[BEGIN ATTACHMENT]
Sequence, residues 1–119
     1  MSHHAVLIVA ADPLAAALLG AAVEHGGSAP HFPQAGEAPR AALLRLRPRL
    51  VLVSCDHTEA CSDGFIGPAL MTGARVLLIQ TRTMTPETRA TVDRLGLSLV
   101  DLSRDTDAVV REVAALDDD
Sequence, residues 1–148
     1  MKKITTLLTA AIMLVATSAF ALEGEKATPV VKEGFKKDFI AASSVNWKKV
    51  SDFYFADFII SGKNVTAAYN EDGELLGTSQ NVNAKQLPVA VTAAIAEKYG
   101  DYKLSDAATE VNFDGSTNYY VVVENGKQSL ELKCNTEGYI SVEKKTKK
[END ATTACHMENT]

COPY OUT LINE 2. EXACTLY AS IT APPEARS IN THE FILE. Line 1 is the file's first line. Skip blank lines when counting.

     1  MSHHAVLIVA ADPLAAALLG AAVEHGGSAP HFPQAGEAPR AALLRLRPRL